Malcolm Turnbull pitches new union fight with Bill Shorten

Michaelia Cash has accepted Nigel Hagdkiss's resignation.

Michaelia Cash has accepted Nigel Hagdkiss's resignation. Photo: AAP

Malcolm Turnbull has opened up a fresh front on the industrial relations battleground, proposing new laws to jail union officials and employers who make illegitimate secret payments.

As Labor leader Bill Shorten stood up in parliament to introduce a private bill to protect the take-home pay of workers, the prime minister strode into a press conference alongside his Employment Minister Michaelia Cash.

The pair unveiled plans to penalise employers and union officials found to have made secret payments other than for clearly legitimate purposes.

It would also require full disclosure of legitimate payments.

“Trade unions have a solemn, legal, moral, fiduciary duty to act in the best interests of their members,” Mr Turnbull told reporters in Canberra on Monday.

“We have seen through the Heydon royal commission and subsequently unions have let their members down and big unions have traded their rights away in return for payments.”

For payments with the intent to corrupt, penalties include up to 10 years in prison and $900,000 for individuals.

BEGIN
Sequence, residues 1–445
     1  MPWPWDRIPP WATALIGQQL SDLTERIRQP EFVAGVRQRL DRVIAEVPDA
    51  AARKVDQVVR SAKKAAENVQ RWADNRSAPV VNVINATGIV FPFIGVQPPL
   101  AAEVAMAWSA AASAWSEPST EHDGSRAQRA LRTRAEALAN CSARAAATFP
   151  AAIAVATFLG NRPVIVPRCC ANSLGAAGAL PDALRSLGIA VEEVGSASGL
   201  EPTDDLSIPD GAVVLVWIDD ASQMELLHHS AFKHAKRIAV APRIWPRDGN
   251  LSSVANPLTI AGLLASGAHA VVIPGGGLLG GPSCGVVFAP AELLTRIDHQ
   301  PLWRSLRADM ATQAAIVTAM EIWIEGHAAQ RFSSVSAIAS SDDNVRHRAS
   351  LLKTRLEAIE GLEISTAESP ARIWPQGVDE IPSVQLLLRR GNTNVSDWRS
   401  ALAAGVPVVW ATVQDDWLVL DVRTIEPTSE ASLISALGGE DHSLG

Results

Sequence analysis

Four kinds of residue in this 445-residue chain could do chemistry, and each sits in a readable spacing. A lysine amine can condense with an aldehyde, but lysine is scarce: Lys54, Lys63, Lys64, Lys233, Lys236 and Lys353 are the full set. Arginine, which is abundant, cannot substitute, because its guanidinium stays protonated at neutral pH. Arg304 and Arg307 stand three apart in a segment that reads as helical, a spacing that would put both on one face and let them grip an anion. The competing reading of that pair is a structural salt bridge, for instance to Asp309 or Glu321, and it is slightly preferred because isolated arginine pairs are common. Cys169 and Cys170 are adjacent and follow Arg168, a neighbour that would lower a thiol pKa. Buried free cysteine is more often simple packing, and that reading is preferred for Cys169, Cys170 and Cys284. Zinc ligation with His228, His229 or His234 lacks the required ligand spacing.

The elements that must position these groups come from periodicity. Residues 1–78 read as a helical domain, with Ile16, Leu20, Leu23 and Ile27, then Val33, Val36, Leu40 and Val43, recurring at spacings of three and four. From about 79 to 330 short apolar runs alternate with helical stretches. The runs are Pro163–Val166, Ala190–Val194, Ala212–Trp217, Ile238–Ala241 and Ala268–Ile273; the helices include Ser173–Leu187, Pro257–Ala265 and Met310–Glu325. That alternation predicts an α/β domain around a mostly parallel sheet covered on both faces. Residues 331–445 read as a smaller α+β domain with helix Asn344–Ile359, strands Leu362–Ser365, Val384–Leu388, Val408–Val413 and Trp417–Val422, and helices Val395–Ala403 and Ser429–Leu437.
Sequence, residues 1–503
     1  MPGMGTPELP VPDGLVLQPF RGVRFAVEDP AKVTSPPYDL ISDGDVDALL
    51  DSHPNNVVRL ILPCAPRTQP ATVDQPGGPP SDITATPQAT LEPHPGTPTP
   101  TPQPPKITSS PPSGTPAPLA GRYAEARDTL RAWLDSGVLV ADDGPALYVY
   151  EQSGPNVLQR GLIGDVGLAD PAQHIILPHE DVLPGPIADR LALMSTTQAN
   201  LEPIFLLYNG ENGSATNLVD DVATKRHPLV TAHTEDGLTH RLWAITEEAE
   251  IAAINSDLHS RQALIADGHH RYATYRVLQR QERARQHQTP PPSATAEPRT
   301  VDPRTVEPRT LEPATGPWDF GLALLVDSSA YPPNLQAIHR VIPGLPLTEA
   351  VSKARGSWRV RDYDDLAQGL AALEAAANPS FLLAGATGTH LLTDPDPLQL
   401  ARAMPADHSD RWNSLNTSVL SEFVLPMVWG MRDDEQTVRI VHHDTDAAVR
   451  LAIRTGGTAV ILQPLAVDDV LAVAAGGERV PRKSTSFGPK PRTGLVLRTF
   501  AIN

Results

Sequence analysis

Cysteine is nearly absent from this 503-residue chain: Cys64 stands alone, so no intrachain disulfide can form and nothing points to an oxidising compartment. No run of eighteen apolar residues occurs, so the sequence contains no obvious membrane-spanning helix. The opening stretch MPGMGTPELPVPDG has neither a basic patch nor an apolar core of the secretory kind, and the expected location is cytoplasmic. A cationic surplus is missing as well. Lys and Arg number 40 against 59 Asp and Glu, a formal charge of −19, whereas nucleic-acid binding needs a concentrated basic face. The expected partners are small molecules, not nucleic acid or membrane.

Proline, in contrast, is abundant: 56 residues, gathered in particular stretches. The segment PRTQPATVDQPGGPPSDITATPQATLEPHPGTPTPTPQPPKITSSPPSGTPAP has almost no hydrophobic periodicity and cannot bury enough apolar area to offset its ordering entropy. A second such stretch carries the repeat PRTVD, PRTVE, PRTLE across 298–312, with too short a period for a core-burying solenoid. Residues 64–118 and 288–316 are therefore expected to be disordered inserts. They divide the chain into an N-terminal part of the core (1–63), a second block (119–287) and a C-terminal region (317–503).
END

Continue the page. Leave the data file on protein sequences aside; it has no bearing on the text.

Sentences of up to two years and $90,000 would apply for other illegitimate payments.

Senator Cash said there was no consistency across Australia’s bribery laws and the offence was often difficult to prove.

“Employees should be aware and should have full knowledge of any payments that are made between their employer and a union,” she said.

“When you look at the level of penalty, it should send a very, very clear message to any employer or any union who wants to indulge in secretive payments.

“It is wrong and compromises the integrity and lawfulness of the workplace.”

The pair described their announcement as a test for Mr Shorten.

But the opposition leader was already pre-empting the attack as he addressed parliament about his bill aiming to stop future cuts to penalty rates following the Fair Work Commission’s decision to align Sunday rates in the hospitality and retail sectors.

“What I say to the prime minister is use whatever distraction that you think is necessary. Use every possible dishonest distraction you have in your book. Put up whatever story you want,” he said.

“But on this issue, when it comes to defending working families in this country, the living standards of working families, we will not be deterred or put off.”

Mr Turnbull will introduce the payments legislation on Wednesday.


Topics: Bill Shorten
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